A set of fraction strips for students to cut out and use when learning about fractions.
Use this resource when teaching students about fractions, or send a copy home with your students to use on math homework or when learning virtually.
Print the fraction strips on cardstock and cut them out. Then, store them in a resealable bag to use in a variety of ways. They are great to use in math centers, at your small group table, or in your individual student math kits!
This resource can be used to reinforce:
- composing and decomposing fractions using unit fractions
- comparing fractions
- finding equivalent fractions
- adding and subtracting fractions with like denominators.
The fraction strips included are:
- 1 whole
Use the drop-down menu to choose between the color or black and white version.
Download this resource as part of a larger resource pack or Unit Plan.
Common Core Curriculum alignment
Understand a fraction 1/b as the quantity formed by 1 part when a whole is partitioned into b equal parts; understand a fraction a/b as the quantity formed by a parts of size 1/b.
Explain equivalence of fractions in special cases, and compare fractions by reasoning about their size.
Understand two fractions as equivalent (equal) if they are the same size, or the same point on a number line.
Recognize and generate simple equivalent fractions, e.g., 1/2 = 2/4, 4/6 = 2/3. Explain why the fractions are equivalent, e.g., by using a visual fraction model.
Express whole numbers as fractions, and recognize fractions that are equivalent to whole numbers. Examples: Express 3 in the form 3 = 3/1; recognize that 6/1 = 6; locate 4/4 and 1 at the same point of a number line diagram.
Compare two fractions with the same numerator or the same denominator by reasoning about their size. Recognize that comparisons are valid only when the two fractions refer to the same whole. Record the results of comparisons with the symbols >, =,...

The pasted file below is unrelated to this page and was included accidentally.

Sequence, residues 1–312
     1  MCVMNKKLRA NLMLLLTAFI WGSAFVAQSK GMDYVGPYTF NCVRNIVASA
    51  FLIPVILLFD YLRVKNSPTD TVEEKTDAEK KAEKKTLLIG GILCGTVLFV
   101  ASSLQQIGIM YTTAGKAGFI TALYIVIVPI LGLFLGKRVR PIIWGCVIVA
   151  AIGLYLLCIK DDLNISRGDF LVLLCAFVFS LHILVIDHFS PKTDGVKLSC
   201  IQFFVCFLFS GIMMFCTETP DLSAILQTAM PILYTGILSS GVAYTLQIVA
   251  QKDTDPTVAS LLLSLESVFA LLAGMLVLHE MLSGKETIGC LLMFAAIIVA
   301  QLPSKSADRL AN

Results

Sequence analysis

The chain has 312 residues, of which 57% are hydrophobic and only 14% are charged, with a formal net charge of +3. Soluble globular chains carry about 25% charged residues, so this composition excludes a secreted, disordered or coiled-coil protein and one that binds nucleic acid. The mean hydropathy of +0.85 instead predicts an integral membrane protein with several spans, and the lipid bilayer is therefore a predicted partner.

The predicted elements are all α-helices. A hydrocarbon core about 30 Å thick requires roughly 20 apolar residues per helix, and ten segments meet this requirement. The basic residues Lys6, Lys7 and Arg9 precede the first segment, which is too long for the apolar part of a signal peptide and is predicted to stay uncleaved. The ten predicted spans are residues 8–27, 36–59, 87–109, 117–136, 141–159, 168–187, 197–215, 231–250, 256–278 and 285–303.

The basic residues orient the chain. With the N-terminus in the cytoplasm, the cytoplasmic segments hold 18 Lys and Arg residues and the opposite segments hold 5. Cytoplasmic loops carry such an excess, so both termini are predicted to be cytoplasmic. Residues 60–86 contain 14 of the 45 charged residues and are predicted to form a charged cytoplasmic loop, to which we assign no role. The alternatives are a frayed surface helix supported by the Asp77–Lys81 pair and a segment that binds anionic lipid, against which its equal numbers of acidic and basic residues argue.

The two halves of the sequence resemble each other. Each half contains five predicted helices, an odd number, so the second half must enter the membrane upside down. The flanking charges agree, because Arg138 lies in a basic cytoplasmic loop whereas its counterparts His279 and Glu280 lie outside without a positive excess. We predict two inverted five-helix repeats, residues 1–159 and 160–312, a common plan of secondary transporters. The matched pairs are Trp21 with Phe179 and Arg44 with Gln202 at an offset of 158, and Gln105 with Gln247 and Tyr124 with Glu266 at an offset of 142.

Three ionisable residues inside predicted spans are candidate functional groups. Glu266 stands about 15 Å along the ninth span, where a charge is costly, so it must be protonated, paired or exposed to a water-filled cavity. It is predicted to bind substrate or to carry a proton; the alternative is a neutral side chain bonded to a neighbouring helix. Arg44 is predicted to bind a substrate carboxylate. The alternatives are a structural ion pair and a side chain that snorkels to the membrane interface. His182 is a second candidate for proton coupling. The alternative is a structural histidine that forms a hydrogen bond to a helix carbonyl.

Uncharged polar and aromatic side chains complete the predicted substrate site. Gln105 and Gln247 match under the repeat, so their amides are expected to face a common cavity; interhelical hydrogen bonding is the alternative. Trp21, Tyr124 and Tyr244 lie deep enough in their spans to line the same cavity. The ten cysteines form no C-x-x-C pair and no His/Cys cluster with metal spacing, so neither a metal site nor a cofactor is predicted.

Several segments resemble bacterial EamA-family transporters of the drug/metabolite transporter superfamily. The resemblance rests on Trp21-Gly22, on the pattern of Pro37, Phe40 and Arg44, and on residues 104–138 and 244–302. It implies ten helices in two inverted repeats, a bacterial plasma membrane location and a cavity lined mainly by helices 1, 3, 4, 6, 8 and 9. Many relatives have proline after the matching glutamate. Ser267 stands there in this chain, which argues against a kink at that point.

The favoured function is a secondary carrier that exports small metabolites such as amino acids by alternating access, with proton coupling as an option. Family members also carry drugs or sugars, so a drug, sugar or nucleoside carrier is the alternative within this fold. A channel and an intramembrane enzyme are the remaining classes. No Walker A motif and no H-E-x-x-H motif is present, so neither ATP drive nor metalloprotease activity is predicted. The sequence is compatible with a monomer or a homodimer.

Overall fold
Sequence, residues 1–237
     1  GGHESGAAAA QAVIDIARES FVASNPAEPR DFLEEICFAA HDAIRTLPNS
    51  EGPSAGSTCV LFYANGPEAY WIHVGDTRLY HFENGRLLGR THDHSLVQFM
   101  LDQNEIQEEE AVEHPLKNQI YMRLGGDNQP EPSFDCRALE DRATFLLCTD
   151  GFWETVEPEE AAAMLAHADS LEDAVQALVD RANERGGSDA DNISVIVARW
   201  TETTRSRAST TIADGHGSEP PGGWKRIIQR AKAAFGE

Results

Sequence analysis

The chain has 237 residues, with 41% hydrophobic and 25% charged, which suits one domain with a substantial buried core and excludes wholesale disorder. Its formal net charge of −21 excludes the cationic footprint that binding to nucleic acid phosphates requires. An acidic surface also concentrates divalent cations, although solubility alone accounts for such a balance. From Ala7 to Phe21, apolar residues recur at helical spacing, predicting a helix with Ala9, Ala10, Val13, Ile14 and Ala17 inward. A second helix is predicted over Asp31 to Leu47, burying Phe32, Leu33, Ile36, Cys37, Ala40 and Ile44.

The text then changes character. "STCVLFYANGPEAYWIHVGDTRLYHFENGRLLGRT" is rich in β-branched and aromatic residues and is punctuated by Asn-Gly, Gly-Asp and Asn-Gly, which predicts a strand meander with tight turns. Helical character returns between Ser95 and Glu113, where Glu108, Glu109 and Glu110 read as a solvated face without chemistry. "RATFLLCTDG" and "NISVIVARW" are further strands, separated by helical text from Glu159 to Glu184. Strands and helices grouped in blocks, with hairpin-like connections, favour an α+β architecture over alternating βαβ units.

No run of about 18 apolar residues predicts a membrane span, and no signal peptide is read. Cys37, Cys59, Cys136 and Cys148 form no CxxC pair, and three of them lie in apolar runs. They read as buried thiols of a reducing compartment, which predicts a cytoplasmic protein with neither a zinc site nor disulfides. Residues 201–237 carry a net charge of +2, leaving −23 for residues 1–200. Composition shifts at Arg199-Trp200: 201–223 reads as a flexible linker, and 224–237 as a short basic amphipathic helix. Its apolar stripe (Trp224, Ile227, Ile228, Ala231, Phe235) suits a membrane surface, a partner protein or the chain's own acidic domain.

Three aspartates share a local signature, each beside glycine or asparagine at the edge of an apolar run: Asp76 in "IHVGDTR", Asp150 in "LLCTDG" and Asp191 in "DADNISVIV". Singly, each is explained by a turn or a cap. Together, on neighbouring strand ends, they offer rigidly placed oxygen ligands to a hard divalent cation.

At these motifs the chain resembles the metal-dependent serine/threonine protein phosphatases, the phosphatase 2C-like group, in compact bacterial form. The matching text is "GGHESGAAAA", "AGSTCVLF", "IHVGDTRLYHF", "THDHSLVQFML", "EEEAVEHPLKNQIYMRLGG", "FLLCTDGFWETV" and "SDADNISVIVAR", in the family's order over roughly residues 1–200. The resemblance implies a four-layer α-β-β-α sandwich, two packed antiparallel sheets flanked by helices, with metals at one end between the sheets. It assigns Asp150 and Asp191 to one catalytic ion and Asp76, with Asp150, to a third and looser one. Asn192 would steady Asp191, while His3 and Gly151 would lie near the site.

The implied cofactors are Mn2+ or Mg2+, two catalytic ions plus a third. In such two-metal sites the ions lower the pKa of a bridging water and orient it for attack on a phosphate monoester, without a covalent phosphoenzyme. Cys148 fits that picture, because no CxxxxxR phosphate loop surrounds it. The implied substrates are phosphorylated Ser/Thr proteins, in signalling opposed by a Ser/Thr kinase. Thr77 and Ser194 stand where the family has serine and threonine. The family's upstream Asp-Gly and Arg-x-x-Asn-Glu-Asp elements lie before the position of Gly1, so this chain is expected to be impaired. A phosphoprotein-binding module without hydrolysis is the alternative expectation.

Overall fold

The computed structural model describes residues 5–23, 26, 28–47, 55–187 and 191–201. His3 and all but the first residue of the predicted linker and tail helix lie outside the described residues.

Explain why a fraction a/b is equivalent to a fraction (n × a)/(n × b) by using visual fraction models, with attention to how the number and size of the parts differ even though the two fractions themselves are the same size. Use this principle to ...
Compare two fractions with different numerators and different denominators, e.g., by creating common denominators or numerators, or by comparing to a benchmark fraction such as 1/2. Recognize that comparisons are valid only when the two fractions ref...
Understand a fraction a/b with a > 1 as a sum of fractions 1/b.
Understand addition and subtraction of fractions as joining and separating parts referring to the same whole.
Decompose a fraction into a sum of fractions with the same denominator in more than one way, recording each decomposition by an equation. Justify decompositions, e.g., by using a visual fraction model. Examples: 3/8 = 1/8 + 1/8 + 1/8 ; 3/8 = 1/8 + 2/...
We create premium quality, downloadable teaching resources for primary/elementary school teachers that make classrooms buzz!
Find more resources for these topics
MathematicsFractions, Decimals, and PercentagesNumbersNumber and OperationsComparing FractionsHands-On MaterialsMath Center ActivitiesGuided Math ActivitiesFractionsEquivalent FractionsMath Manipulatives
Suggest a change
You must be logged in to request a change. Sign up now!
Report an Error
You must be logged in to report an error. Sign up now!